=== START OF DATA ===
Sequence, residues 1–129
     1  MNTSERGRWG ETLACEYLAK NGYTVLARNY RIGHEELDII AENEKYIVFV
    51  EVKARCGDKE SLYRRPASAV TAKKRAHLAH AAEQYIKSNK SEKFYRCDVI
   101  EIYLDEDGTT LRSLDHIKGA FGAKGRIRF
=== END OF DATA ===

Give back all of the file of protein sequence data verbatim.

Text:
Sequence, residues 1–129
     1  MNTSERGRWG ETLACEYLAK NGYTVLARNY RIGHEELDII AENEKYIVFV
    51  EVKARCGDKE SLYRRPASAV TAKKRAHLAH AAEQYIKSNK SEKFYRCDVI
   101  EIYLDEDGTT LRSLDHIKGA FGAKGRIRF